He took them into the old Sunday School hut between the church and the house. "There's bean bags in here, and I'll get you some pillows and stuff." He brought back some blankets, and the food he had for his sister's, and then left them. He crawled in to bed knowing he would have to "wing it" for the homily in the morning, but too tired and too miserable to care.
The boy's frantic pounding on the door woke him at 4am. He heard the girl screaming. "Reverend, she's having the baby." As he struggled into his dressing gown and slippers he wryly wondered who was the most scared of the three of them! At the hospital they both begged him to stay.
And so, on Christmas morning, he saw a baby born, in a great painful rush, blue grey from the stress. As he watched the doctor gently coaxing her to life and the first tinge of pink appearing, he saw her mother's face as she lay watching her child... A face of a great, deep, awesome love.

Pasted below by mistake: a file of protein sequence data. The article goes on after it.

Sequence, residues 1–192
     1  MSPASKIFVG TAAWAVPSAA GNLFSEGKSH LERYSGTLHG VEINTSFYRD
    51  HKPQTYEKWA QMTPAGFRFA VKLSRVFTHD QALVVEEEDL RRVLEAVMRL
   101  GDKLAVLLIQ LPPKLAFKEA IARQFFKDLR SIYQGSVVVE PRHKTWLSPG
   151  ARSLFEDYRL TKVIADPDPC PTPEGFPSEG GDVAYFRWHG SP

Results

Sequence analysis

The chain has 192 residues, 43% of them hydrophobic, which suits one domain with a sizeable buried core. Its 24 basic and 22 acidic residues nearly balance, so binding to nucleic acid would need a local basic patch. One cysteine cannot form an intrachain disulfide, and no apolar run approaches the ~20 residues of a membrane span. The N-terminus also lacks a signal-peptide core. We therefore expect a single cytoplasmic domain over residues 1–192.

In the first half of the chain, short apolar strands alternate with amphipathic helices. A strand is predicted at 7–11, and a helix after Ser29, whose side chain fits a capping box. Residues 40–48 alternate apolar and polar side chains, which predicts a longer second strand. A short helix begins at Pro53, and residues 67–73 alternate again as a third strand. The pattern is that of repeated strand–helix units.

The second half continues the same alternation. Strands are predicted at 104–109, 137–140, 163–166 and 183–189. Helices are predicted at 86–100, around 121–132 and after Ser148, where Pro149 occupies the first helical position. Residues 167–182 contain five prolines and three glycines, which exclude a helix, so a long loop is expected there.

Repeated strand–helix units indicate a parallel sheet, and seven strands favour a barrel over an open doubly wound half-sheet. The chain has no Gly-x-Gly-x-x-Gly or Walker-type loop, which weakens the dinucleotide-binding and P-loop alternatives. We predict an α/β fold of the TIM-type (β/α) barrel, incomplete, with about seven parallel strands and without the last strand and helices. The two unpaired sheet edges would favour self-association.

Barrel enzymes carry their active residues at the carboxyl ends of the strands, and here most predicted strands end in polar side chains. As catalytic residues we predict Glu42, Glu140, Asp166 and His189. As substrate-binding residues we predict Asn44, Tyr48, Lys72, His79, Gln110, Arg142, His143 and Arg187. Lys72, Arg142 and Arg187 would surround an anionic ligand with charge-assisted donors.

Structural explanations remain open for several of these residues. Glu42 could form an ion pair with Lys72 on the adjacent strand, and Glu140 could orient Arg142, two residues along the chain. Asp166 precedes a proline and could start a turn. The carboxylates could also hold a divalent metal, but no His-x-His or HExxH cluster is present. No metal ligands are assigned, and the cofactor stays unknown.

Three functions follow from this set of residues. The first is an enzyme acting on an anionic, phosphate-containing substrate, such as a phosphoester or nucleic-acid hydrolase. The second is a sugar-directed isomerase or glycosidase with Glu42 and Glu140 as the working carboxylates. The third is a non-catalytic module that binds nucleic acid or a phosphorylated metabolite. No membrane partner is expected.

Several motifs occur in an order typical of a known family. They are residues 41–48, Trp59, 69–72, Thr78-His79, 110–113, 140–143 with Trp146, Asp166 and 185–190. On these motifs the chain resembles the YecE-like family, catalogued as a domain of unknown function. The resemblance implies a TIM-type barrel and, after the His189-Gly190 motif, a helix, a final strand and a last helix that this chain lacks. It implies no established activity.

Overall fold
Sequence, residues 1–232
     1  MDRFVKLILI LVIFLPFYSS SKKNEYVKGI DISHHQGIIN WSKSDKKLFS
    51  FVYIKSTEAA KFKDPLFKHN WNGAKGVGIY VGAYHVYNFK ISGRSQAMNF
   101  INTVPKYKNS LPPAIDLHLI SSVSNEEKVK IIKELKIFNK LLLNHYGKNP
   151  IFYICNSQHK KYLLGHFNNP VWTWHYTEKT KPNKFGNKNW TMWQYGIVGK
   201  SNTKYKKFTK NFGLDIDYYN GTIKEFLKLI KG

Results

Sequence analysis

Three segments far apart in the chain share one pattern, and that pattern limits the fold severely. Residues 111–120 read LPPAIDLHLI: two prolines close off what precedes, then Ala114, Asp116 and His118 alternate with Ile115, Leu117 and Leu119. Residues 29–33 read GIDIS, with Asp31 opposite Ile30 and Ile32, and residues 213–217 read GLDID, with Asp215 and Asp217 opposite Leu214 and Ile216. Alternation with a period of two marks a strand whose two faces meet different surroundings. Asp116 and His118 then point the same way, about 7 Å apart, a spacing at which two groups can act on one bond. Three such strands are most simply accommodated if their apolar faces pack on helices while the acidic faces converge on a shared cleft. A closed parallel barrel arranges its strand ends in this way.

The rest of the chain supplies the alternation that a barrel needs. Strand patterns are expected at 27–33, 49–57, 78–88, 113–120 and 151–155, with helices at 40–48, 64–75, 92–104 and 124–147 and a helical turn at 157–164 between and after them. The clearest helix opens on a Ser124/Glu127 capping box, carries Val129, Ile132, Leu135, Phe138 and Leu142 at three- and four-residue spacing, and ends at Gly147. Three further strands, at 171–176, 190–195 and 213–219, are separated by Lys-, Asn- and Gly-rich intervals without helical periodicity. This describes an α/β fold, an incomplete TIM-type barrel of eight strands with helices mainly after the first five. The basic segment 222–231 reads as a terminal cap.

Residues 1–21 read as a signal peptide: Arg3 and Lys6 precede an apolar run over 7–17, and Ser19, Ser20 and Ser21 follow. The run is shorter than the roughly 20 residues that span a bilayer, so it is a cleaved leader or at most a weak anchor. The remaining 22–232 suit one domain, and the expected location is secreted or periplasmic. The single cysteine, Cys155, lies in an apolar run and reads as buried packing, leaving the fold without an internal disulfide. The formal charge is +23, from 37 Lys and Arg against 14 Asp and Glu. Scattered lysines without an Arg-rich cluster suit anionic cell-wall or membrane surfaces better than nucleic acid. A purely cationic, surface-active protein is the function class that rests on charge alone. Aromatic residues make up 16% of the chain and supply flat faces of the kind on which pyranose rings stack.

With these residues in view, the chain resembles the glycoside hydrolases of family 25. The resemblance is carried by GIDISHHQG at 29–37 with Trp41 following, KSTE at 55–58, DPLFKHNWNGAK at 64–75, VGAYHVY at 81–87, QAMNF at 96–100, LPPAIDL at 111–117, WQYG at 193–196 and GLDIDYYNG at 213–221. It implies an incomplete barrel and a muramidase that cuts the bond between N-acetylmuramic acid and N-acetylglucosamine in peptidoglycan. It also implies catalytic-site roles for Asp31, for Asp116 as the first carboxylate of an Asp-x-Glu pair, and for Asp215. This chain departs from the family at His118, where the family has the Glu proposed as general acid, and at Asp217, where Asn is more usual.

Timothy O'Neill, in the second row, nudged his Dad and pointed as the priest bowed at the altar. "Look, Dad! Father Michael's still got his slippers on!" Timothy O'Neill could not whisper quietly, if he tried. So by the time of the homily, the whole congregation had managed to spot the pyjamas and slippers as they occasionally showed under the alb.
He began the homily.
"As Timothy O'Neill has so rightly observed, I am still in my pyjamas. I nearly didn't get here at all.
For this morning I saw a baby born. And I understood something about Christmas. I saw the pain and fear of a mother. And I saw a new baby so blue I thought it would die. I understood something of the risk God has taken in letting us loose on this earth.
But what really touched me was the love of the mother for her child. I have never seen a person love like that. Her face softened and almost shone. Like a Madonna. I can't describe it any more than that. I haven't the words. But I felt like I was in the presence of a love I'd never been near before. And then I realised of course I've been in the presence of that sort of love. It's God's love. It's the love that goes through blood, sweat, and tears and loves us until the day we die... and beyond.